Famous old times in the playground

Clare Dean reports on how a parent has tapped celebrities' memories to raise funds for his children's schools

A telephone call on a spring Sunday morning convinced parent Nick Gammage that the money-spinning idea he had for his children's two schools was a winner.

For on the other end of the line was that footballing legend Sir Stanley Matthews, who wanted to know exactly what he should do.

Mr Gammage's idea - to get sports personalities, politicians, entertainers and writers to commit playground memories to paper - has prompted some magical recollections from a cast list of contributors which reads like a who's who of the country's top people.

From the sporting field they came from the likes of Jack Charlton, Geoff Boycott, David Gower, Alan Shearer and Sally Gunnell.

John Major, Tony Blair and Paddy Ashdown led the way for the politicians, while the world of literature was represented by, among others, Ted Hughes, P D James, Colin Dexter, Sue Townsend and Terry Pratchett.

And among the comedians willing to contribute were Norman Wisdom, Paul Daniels and Ken Dodd.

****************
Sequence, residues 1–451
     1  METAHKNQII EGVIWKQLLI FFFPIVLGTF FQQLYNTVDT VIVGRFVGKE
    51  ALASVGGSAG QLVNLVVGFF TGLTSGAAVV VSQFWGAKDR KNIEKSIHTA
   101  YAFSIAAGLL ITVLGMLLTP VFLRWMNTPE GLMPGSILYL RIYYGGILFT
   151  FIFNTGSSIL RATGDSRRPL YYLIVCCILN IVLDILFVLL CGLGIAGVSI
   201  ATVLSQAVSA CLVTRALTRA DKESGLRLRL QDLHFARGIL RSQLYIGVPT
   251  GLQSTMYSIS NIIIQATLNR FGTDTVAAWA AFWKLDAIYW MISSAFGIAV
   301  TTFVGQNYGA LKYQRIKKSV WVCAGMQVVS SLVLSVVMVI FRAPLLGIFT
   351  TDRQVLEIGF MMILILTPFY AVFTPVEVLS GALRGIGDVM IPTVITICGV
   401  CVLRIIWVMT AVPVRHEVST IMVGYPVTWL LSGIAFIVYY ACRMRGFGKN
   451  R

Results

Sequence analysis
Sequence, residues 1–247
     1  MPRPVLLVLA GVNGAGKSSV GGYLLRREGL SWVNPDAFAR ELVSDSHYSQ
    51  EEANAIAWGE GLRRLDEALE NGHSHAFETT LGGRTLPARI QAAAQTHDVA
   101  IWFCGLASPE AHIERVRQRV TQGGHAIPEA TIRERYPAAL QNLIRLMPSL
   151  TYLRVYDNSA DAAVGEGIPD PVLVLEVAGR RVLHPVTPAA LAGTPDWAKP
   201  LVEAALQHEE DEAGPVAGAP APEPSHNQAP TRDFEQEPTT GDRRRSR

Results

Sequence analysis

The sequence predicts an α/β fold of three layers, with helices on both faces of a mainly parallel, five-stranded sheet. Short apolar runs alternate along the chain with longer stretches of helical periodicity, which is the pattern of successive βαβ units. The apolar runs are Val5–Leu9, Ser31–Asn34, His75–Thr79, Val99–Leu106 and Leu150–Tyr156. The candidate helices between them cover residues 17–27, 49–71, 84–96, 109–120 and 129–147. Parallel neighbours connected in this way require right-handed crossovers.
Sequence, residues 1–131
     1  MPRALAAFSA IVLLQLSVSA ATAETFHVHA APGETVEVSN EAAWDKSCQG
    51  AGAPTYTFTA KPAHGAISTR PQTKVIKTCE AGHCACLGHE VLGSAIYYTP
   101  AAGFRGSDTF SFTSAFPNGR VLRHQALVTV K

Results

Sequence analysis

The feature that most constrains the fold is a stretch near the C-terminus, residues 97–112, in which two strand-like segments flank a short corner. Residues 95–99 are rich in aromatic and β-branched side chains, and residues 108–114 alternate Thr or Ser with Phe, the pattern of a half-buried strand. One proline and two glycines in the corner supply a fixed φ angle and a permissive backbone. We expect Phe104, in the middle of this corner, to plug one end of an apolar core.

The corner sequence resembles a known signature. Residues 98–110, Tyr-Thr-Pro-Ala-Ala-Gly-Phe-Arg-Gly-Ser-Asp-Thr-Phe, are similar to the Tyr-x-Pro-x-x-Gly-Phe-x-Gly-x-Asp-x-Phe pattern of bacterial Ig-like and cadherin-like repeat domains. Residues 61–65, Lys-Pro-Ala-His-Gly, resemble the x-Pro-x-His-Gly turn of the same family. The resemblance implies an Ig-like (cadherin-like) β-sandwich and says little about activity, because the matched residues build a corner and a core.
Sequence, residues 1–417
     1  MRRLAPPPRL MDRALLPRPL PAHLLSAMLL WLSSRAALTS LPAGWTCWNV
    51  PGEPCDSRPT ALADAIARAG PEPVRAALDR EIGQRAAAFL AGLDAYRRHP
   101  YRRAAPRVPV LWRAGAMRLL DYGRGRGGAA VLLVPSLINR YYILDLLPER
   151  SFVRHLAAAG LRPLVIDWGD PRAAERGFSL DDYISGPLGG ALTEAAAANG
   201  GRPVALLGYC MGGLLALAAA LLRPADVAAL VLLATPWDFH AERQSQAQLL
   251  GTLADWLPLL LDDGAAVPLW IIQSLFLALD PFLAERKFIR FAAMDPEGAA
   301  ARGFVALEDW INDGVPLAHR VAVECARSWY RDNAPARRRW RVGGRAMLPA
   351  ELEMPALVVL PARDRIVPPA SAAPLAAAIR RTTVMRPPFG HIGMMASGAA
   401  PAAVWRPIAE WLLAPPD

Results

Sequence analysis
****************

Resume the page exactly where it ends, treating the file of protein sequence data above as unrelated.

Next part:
In all, more than 70 famous names submitted playground memories for a book which is likely to raise up to Pounds 25,000 for Elangeni Middle and Chestnut Lane First School in Amersham, Buckinghamshire.

They range from the one-liner favoured by Andi Peters, the children's television presenter - "My favourite play area was my back garden" - to the well-crafted prose of Allan Alhberg, the best-selling children's author, and Terry Pratchett, author of the Discworld books.

And they disclose a host of favourite haunts: a beach-hut (astronomer Patrick Moore), an Anderson shelter (actor and comedian Roy Hudd) and an old family trunk (Michael Bond, the creator of Paddington Bear).

Contributions from sports personalities predictably tell of an early love of sport. Alan Shearer, the top scorer in the 1996 European Championships, reveals that his love of striking was developed after spending hours kicking a ball about with his father.

"The 'goals' would be a pair of garage doors or two jackets laid out in the garden. I would spend hours kicking a ball about with my Dad learning how to control, dribble or kick it."